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Kazuho Fukuda, Keiji Uchikawa, Donald I. A. MacLeod; The Luminance Balance and Color Appearance Mode of Surrounding Colors Affect Color Constancy. Journal of Vision 2011;11(15):39. doi: 10.1167/11.15.39.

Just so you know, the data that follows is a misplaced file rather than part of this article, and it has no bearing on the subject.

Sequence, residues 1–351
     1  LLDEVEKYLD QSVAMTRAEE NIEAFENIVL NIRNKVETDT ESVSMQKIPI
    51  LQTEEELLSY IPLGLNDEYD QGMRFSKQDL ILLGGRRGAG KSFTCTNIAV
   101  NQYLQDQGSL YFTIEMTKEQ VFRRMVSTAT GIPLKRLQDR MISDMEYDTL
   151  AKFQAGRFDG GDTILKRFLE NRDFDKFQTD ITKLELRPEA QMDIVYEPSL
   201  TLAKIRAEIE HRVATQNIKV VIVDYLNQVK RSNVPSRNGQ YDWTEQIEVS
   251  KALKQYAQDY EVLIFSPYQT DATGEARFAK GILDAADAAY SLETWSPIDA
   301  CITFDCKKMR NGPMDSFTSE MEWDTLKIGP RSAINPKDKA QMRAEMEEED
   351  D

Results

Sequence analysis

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On color constancy, we previously demonstrated that changing luminance balance of surrounding bright colored surfaces with constant chromaticity affected the illuminant estimation (K. Uchikawa, Y. Kitazawa, D. I. A. MacLeod, K. Fukuda, 2010), however, the surrounding colors exceeding certain brightness seemed ineffective (K. Fukuda, K. Uchikawa, & D. I. A. MacLeod, 2011). The question here is whether this ineffectiveness of bright colors on color constancy is caused by the appearance mode of bright colors, which transits from surface to illuminant. In the experiments, we used the stimulus consisting of a central test stimulus and 60 surrounding stimuli of six colors (bright and dim red, green and blue). The variable was the luminance of the brighter red and blue colors. The observers adjusted the chromaticity of the test stimulus so that it appeared as an achromatic surface, and evaluated the color appearance mode of the surrounding colors with the number of 0 (surface-color mode) to 10 (illuminant-color mode). The correlation between the luminance balance of surrounding colors and the illuminant estimate was compared with the color appearance score of the brighter red and blue surrounding colors. The results showed that the effect of brightest surrounding color on illuminant estimate diminished at the luminance balance where the brightest color appeared as an illuminant. This suggests that the visual system might be able to get rid of illuminants in the surrounding colors and accomplish color constancy using only surfaces.
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